Pork butt, also known as Boston butt, actually comes from the shoulder of a pig, not its rear end. You can roast, barbecue, or shred this cut of meat to make pulled pork. Consider pork butt nutrition when choosing to eat this food.
Although it contains beneficial vitamins, minerals and protein, there are a lot of pork butt calories as well as fat. You'll want to eat this marbled meat in moderation to avoid health complications.
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Pork Butt Calories and Protein
A 3-ounce-serving of pork butt, is about the size of a deck of playing cards. Pork butt, or Boston butt nutrition, includes 198 calories, according to USDA FoodData Central. Of those total calories, 92 come from the 23 grams of protein that this size serving of pork butt contains.
This dietary protein goes a long way in helping to meet the recommended daily allowances for men of 56 grams and 46 grams for women, according to the National Academies of Sciences. Protein is essential for the growth and repair of cells, muscles, skin and other organs, as well as digestion and the production of body fluids.
Don't Ignore the Fat
The marbling in pork butt contributes flavor to the meat but also adds fat content. From a 3-ounce serving of pork butt, you get about 11 grams of dietary fat. Health.gov's 2015-2020 Dietary Guidelines for Americans recommends limiting your fat intake to 20 to 35 percent of your total daily calorie intake.
For a 2,000 calorie diet, this means no more than 44 to 78 grams of fat per day. You can reduce the fat content of pork by trimming any visible fat from the meat before cooking and by draining off any fat during the cooking process.
Pork butt also contains unhealthy saturated fat as well as cholesterol, a waxy, fat-like substance. Both of these contribute to high cholesterol levels, which may increase your risk of heart disease and stroke. Of the total 11 grams of fat per serving, 4 grams come from saturated fat. The American Heart Association recommends consuming no more than 16 grams of saturated fat per day for a 2,000-calorie diet.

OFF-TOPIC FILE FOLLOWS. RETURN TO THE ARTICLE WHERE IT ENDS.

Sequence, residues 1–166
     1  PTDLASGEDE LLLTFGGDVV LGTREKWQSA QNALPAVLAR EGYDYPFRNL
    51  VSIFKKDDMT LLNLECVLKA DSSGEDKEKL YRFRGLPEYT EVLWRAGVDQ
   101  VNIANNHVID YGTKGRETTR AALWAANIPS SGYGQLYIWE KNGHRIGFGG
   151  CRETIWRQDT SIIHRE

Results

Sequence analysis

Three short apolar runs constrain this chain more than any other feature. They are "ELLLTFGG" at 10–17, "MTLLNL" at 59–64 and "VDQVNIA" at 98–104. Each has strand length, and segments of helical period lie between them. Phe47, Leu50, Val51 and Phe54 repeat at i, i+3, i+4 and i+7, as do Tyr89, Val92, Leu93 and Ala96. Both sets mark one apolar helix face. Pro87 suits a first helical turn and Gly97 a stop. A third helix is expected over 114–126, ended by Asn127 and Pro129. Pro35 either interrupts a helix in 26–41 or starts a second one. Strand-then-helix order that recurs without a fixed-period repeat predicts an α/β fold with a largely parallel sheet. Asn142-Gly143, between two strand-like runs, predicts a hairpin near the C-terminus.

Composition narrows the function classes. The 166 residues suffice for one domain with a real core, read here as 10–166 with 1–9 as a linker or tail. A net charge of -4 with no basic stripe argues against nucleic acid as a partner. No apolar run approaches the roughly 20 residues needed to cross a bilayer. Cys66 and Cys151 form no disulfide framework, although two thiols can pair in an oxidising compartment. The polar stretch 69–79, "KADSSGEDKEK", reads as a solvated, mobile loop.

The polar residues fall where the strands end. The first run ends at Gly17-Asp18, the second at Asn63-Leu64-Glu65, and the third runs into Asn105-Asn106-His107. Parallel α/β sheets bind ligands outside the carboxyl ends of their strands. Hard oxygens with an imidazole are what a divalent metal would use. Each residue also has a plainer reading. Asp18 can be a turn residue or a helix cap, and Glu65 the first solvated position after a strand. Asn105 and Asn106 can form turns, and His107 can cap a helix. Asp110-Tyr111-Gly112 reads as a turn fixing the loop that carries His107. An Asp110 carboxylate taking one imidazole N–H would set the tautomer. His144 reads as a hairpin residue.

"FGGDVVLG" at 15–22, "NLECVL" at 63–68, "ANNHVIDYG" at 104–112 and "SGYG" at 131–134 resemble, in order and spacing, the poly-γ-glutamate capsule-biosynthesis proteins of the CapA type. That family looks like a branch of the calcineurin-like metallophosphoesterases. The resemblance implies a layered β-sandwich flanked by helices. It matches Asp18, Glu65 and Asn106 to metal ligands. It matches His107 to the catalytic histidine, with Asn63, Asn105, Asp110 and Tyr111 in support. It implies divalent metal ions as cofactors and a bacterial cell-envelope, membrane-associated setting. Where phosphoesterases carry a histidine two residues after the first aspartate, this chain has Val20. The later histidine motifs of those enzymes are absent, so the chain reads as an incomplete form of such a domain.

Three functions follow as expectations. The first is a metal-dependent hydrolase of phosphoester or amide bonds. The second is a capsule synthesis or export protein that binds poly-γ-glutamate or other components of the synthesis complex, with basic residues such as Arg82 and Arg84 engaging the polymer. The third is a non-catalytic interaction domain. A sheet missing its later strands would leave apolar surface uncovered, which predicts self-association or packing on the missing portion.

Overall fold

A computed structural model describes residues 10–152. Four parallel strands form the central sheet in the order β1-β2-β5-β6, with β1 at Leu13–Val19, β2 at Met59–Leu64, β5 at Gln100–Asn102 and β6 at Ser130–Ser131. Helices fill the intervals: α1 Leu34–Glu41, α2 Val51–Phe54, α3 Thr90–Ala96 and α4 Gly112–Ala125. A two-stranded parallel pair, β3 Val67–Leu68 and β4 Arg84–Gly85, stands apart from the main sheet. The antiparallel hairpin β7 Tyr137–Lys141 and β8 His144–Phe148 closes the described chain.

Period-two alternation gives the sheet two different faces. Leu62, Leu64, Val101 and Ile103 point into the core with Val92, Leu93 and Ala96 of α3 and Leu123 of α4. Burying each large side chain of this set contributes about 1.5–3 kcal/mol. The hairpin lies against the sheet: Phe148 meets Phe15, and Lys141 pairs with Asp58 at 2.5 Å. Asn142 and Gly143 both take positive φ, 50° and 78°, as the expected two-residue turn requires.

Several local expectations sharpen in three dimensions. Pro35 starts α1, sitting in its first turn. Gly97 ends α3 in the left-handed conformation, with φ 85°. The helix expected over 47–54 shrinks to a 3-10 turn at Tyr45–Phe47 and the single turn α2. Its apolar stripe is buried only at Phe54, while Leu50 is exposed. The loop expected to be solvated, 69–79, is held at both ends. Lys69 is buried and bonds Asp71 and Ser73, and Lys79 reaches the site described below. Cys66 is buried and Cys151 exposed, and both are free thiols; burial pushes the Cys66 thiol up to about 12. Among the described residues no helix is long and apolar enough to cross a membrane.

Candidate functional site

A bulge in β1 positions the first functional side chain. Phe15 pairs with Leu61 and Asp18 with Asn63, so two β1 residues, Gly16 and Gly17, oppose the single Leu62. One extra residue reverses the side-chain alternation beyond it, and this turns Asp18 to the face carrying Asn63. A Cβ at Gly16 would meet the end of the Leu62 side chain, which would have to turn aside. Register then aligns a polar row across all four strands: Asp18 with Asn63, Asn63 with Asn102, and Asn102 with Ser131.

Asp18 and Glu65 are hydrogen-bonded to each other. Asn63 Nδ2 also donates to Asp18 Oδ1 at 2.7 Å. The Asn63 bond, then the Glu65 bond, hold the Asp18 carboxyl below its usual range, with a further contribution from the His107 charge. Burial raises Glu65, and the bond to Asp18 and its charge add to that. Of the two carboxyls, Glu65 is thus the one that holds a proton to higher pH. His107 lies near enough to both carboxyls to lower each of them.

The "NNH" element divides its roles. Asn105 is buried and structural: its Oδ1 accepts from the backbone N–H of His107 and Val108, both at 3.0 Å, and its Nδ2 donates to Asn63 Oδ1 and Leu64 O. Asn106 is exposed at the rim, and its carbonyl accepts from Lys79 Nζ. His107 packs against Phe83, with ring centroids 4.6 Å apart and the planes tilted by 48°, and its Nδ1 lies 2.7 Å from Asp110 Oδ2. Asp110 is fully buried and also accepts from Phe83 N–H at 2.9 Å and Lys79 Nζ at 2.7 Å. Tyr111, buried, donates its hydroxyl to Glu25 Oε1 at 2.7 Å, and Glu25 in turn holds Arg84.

Read more: How to Make Oven-Baked Boneless Pork Chops
Get Your Vitamins and Minerals
Eating pork butt does provide you with some essential vitamins and minerals. It's a good source of B vitamins, selenium and zinc. B vitamins aid in energy metabolism, contribute to heart health and red blood cell production, as well as help keep the skin, nervous system and digestive system healthy.
The mineral selenium plays a role in your thyroid and reproductive health, as well as defending against free radicals and infection, according to the Office of Dietary Supplements. The zinc in pork butt supports immune function, wound healing, cell division and protein synthesis.
A 3-ounce serving of pork butt contains 51 milligrams of sodium. Not much, considering the maximum recommended daily amount for adults is 2,300 milligrams (or 1,500 milligrams if you have risk factors for heart disease), according to the American Heart Association. However, be aware that this number increases if you prep your meat with salt or other salt-containing seasonings.
- American Heart Association: "Saturated Fats"
- Office of Dietary Supplements: "Selenium"
- Office of Dietary Supplements: "Zinc"
- USDA FoodData Central: "Pork, Fresh, Shoulder, (Boston Butt), Blade (Steaks), Separable Lean Only, Cooked, Braised"
- National Academies of Sciences: "Macronutrients"
- Health.gov: "2015-2020 Dietary Guidelines for Americans"
- American Heart Association: "How Much Sodium Should I Eat per Day?"